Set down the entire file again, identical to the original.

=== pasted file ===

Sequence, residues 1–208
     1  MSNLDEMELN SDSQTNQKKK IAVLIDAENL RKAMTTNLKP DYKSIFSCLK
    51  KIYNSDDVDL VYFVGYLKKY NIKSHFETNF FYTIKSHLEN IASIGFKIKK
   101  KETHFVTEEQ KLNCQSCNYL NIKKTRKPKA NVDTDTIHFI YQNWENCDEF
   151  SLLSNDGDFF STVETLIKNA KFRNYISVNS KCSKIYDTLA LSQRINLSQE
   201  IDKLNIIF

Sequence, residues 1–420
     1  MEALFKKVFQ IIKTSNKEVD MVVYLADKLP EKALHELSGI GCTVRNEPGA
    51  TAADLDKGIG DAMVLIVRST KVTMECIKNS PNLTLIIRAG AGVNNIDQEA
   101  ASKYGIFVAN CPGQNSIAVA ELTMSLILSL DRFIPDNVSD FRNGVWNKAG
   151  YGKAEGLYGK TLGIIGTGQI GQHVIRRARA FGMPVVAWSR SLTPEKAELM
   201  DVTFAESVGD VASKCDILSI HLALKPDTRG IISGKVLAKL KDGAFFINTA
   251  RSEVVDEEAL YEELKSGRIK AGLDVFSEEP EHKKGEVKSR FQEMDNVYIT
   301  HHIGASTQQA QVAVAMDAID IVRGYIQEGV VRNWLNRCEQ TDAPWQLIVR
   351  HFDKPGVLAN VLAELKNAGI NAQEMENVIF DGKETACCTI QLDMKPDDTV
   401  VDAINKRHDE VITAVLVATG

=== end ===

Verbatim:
Sequence, residues 1–208
     1  MSNLDEMELN SDSQTNQKKK IAVLIDAENL RKAMTTNLKP DYKSIFSCLK
    51  KIYNSDDVDL VYFVGYLKKY NIKSHFETNF FYTIKSHLEN IASIGFKIKK
   101  KETHFVTEEQ KLNCQSCNYL NIKKTRKPKA NVDTDTIHFI YQNWENCDEF
   151  SLLSNDGDFF STVETLIKNA KFRNYISVNS KCSKIYDTLA LSQRINLSQE
   201  IDKLNIIF

Sequence, residues 1–420
     1  MEALFKKVFQ IIKTSNKEVD MVVYLADKLP EKALHELSGI GCTVRNEPGA
    51  TAADLDKGIG DAMVLIVRST KVTMECIKNS PNLTLIIRAG AGVNNIDQEA
   101  ASKYGIFVAN CPGQNSIAVA ELTMSLILSL DRFIPDNVSD FRNGVWNKAG
   151  YGKAEGLYGK TLGIIGTGQI GQHVIRRARA FGMPVVAWSR SLTPEKAELM
   201  DVTFAESVGD VASKCDILSI HLALKPDTRG IISGKVLAKL KDGAFFINTA
   251  RSEVVDEEAL YEELKSGRIK AGLDVFSEEP EHKKGEVKSR FQEMDNVYIT
   301  HHIGASTQQA QVAVAMDAID IVRGYIQEGV VRNWLNRCEQ TDAPWQLIVR
   351  HFDKPGVLAN VLAELKNAGI NAQEMENVIF DGKETACCTI QLDMKPDDTV
   401  VDAINKRHDE VITAVLVATG